I go to Mahidol University.

December 29, 2014 - 4 minutes read

Having settled into our new accommodations at the Bundit House it was time us, the students, to go through orientation at Mahidol University.

To give you a little background information about the program I am studying in I’ll begin by saying that there are 19 of us including myself. We come from all over the country and are apart of a provider program through the Knowledge Exchange Institute. This means that our home universities do not have a direct relationship with Mahidol University, so were are represented by KEI and are considered visiting students rather than exchange students. We are apart of Mahidol Universities International College or MUIC as they call it here. Mahidol University is one of the more prestigious universities in South East Asia and was endorsed by the King of Thailand. Mahidol Consists of 14 Colleges within it including MUIC.

We took the shuttle from Bundit to MUIC and began our orientation with the other students who will be studying for the next few months. Aside from the students from KEI there are many exchange students and a few other third party provider organizations representing students. All in all there are roughly 75 students in a similar situation as myself and the others in my program.

Once we arrived and finished registering, we received our class schedules and supplementary information and were then welcomed by an elaborate speech from the Dean of the College, followed by a rather long information session about the University, its history, values as well  its seemingly limitless prosperities to date. After that we heard from the Dean of Academic Affairs about the countless ways to fail here and the importance of academic achievement. She was quite a stern woman and if I am not mistaken left a small pit in everyones stomach by the time she had finished lecturing us about the seriousness of the the program we were undertaking. If I did not mention the students at Mahidol are required to wear a uniform when on campus and when attending classes. This is taken very seriously, and failing to uphold the standards are cause for one of the countless reasons you can fail.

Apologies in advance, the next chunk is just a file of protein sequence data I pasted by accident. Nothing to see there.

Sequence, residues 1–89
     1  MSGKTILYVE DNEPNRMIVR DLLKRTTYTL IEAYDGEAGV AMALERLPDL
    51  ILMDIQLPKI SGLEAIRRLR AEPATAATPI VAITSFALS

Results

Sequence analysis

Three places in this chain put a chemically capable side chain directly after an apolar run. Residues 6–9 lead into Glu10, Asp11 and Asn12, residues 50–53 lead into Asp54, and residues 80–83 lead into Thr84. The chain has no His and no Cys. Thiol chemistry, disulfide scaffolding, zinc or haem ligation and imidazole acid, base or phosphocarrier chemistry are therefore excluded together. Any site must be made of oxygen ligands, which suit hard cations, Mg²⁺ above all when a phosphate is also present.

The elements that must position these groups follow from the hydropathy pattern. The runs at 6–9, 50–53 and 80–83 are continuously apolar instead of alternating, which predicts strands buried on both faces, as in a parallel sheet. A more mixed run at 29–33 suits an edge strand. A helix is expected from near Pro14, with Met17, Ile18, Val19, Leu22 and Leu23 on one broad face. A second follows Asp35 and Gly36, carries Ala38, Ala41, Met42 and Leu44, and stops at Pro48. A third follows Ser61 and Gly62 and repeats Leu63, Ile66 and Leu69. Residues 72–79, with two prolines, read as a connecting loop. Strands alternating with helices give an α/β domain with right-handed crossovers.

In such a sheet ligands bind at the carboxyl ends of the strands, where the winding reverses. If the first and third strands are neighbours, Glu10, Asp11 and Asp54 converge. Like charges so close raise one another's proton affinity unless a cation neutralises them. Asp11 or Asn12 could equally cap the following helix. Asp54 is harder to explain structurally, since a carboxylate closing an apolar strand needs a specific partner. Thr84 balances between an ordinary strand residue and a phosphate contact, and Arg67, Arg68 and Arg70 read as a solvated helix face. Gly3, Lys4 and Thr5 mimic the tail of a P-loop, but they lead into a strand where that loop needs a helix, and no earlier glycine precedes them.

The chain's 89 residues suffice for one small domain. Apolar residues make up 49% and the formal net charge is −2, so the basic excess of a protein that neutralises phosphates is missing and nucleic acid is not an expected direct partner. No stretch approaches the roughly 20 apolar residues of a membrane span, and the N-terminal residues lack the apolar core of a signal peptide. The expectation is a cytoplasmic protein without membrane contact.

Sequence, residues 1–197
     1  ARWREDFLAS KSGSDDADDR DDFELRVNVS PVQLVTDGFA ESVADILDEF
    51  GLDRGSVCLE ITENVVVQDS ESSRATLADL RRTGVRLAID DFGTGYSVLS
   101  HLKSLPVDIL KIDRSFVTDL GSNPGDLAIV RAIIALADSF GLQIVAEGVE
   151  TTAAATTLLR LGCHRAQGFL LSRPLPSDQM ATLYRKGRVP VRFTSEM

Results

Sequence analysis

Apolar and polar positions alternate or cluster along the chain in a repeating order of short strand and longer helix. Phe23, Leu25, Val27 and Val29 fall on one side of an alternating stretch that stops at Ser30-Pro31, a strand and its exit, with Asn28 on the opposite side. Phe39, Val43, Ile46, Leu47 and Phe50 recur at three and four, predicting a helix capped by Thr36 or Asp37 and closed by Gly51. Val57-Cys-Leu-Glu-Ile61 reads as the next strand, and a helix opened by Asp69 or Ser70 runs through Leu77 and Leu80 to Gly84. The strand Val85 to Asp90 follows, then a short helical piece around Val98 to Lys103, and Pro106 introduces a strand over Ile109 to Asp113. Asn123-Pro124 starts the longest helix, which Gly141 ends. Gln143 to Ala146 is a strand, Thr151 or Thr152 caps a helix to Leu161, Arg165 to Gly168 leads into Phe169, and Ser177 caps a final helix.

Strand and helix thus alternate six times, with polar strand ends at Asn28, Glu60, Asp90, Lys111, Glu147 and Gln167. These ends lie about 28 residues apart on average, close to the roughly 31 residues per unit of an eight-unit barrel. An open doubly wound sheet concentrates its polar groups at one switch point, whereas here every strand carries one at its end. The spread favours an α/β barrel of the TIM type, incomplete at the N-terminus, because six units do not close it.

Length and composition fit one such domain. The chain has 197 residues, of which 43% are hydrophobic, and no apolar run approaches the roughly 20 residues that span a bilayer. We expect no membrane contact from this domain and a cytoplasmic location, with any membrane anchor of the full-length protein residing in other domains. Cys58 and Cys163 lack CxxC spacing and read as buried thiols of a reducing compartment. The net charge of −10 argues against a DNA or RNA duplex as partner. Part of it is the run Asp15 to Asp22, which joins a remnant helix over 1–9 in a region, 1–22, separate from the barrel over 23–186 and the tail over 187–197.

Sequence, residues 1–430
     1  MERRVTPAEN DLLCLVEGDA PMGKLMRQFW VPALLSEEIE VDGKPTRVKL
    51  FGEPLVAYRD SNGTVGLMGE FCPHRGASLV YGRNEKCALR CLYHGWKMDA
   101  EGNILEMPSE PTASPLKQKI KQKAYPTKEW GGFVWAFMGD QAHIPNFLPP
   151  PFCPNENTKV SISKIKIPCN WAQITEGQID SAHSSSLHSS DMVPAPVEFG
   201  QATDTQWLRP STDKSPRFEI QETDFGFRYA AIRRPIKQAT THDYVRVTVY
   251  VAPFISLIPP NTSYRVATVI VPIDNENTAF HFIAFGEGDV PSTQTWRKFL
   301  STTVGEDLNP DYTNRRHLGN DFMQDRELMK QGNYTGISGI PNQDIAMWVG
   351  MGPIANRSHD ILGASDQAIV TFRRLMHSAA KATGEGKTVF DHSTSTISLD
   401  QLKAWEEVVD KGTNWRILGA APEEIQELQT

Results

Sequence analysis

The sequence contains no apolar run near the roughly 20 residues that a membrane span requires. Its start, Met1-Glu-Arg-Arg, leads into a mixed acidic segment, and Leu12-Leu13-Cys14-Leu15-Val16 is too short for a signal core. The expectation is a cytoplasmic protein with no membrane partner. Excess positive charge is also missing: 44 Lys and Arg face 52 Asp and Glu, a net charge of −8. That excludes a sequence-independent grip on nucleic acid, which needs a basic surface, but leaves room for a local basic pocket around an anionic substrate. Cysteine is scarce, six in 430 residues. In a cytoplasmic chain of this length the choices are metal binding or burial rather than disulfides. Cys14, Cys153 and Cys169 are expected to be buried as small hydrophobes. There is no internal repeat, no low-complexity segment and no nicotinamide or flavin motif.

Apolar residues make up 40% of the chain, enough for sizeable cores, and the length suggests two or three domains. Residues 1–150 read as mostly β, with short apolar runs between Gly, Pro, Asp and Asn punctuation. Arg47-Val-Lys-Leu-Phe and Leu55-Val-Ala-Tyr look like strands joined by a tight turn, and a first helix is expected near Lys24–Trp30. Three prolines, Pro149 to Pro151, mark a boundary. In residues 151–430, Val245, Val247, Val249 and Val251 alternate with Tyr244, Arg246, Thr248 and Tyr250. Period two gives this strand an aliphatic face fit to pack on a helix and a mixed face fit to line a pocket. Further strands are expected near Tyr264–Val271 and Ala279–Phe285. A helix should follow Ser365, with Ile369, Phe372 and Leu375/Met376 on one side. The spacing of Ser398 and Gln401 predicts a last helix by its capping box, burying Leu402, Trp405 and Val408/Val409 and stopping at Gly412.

When that Dean finished it was time for lunch which consisted of a delicious spread of traditional Thai cuisine. I personally am a huge fan of the ethnic dishes I have been eating here, but it is rather amusing, yet frustrating watching people squirm when they tired the toro balls in coconut cream or the steamed curried fish.

After lunch we went back into orientation and had a short session regarding Thai language and culture. It quickly became clear that some of the students would benefit greatly in a quick lesson regarding Thai customs and cultural norms. From there we took a short break, took photos for our IDs and then it was time for the tram tour of the campus.

Since Mahidol is so large it has a system of trams that constantly run around the campus depositing students at different building. I was completely overwhelmed by the size of the campus. Lucky for me my classes are in the same two buildings where are reasonably close to one another.

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